Diving Belles by Lucy Wood: Review

diving belles

Diving Belles is a collection of short stories by Lucy Wood, each with a touch of magic.

The review I created in my head when started reading Diving Belles was completely different from the one I ended up writing. The first stories weren’t doing it for me; I just didn’t get it. I read a couple of reviews with heaps of praise for Diving Belles and wondered if I was either too practical- or too dense- to appreciate them. However, I kept on, which was a good thing, because the later stories really spoke to me. That’s the thing about short stories I suppose. There are hits and misses in any collection and not every one is for every reader. At least, not for me anyway.

Wood’s stories are beautiful but rather sad. She writes of young people watching their loved ones grow old, people struggling with regrets, women in bad relationships. There are moments of sweetness and humour too. In Blue Moon, residents of a retirement home for the magical, suddenly turn into animals or oil, causing headaches for the very human caretakers.

Because Wood is from Cornwall, I couldn’t help but think of Daphne du Maurier and her short stories. Wood doesn’t have the cynicism that du Maurier had at the same age. But Cornwall is a character itself, the sea or the moors inhabit many of the stories.

Wood experiments with point of view. One of my favorites is Notes from the House of Spirits, which is exactly what the story is, spirits of a house watching humans come and go. It’s such a poignant story, since the humans’ time in the house is so brief.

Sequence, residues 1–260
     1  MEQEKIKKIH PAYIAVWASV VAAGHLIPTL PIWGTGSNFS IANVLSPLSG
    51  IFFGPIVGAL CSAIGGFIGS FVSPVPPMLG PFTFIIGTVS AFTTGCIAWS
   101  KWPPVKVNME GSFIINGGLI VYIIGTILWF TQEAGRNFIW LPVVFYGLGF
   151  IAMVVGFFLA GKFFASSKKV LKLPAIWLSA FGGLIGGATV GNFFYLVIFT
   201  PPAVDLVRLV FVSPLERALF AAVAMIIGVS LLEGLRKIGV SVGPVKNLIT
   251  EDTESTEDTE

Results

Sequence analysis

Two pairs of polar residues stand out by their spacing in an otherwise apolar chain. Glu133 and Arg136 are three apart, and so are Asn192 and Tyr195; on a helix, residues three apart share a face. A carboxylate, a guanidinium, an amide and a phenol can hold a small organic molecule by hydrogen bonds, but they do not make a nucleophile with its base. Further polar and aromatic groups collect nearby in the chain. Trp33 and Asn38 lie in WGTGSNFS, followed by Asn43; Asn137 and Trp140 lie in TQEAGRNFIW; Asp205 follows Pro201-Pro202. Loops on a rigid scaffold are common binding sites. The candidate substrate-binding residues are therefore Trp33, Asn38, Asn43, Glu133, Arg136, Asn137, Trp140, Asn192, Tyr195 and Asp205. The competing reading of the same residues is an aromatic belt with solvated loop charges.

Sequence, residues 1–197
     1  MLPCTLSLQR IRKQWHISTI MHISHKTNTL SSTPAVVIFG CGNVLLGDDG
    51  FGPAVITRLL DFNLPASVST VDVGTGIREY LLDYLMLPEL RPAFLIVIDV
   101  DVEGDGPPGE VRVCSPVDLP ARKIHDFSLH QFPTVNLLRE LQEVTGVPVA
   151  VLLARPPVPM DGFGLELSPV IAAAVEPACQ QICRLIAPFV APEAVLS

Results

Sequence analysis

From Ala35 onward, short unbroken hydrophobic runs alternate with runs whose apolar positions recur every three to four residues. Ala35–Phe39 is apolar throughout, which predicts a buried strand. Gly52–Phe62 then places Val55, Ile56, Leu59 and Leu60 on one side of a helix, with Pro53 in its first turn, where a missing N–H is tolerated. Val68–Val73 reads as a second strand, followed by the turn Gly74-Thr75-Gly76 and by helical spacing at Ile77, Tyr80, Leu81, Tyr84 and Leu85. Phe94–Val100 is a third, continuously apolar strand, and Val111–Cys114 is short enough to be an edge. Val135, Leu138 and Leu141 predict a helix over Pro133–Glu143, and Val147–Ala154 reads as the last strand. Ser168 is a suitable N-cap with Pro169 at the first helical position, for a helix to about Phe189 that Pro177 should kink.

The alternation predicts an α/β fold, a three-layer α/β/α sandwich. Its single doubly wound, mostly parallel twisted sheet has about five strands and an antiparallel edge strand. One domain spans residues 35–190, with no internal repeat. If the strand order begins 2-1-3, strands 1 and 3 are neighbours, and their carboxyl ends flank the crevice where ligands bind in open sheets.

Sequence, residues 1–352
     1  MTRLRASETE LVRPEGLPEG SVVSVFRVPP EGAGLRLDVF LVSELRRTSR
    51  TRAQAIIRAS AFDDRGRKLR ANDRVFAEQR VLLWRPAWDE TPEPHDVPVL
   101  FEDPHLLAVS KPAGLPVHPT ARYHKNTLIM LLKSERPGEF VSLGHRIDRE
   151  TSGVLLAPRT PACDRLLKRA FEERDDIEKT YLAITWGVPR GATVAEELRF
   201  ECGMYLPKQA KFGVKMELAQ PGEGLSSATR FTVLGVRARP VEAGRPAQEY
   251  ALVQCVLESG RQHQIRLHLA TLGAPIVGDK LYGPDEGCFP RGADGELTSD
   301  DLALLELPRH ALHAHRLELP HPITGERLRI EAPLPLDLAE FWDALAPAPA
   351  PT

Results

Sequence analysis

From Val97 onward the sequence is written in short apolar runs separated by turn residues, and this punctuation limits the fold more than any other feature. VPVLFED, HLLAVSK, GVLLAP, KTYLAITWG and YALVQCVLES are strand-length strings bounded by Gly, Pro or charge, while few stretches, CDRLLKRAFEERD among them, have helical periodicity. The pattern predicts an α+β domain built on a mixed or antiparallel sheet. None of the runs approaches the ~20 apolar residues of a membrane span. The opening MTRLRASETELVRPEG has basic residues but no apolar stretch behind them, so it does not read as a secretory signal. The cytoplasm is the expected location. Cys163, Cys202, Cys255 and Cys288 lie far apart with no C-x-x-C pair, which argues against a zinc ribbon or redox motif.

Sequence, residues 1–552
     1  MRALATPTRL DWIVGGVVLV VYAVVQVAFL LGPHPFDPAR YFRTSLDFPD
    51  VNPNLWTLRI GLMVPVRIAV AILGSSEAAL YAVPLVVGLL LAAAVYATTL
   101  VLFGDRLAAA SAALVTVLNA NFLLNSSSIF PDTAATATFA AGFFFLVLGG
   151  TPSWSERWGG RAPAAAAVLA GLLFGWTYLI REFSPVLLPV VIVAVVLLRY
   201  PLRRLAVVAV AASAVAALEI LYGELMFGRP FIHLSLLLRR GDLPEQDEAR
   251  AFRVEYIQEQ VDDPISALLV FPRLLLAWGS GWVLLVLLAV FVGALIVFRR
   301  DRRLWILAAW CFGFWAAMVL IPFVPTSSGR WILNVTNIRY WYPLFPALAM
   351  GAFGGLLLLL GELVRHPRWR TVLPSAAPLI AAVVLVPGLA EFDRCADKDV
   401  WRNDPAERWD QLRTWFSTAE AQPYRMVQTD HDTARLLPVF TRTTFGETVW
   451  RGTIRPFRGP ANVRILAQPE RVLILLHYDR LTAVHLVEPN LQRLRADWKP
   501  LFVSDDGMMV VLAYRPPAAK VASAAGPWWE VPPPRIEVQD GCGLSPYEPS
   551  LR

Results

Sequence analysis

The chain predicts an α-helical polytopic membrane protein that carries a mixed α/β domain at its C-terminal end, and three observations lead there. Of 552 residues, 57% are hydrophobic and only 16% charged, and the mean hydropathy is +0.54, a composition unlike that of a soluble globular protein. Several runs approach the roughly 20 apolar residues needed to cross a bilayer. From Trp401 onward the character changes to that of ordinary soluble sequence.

If you are looking for a collection of stories that are interesting, magical and a little different, then Diving Belles is for you.

Thanks to TLC Book Tours for the review copy.


  1. I read this, too, and was actually impressed. I am not one for short story collections, but this one I liked. :)

  2. Sounds interesting. I'll have to remember to stick with it if I have the chance to try this one.

  3. This sounds intriguing, and I love the magical aspects you speak of. I've become fond of collections since I started blogging, was never a fan before, but the way the stories require details to be told makes reading them continually appealing. And what an interesting way of dealing with the topics you describe!

  4. I'm not sure whether to pick this up or not. I first read a great review of it at Savidge Reads which made me add it to my TBR, but the more I read other reviews, the more hesitant I am. Not to mention I'm not usually a fan of short stories. But the fact that you mentioned Daphne du Maurier caught my attention because I love her writing. Maybe I should check out her short stories instead...

  5. That's the challenge with story collections... they kind of have to grab you right away or the reader turns elsewhere for stimulation. I am glad this one worked for you in the end though.

  6. Someone else on the tour mentioned that she thought that this collection was best enjoyed spread over a period of time, allowing each story some space, and I think that's true for me too. But, even so, it sounds like you did truly connect with some of the stories, even if it got off to a slow start for you.

  7. I'm glad you stuck with it - sounds like the latter stories really worked for you!

    Thanks for being on the tour.


Thanks for visiting! Please leave a comment. I've disabled Anonymous comments since I've had a barrage of Anon spam lately. Sorry about that.
Also, if you leave a legit comment but it contains a spammy link, it will not be published.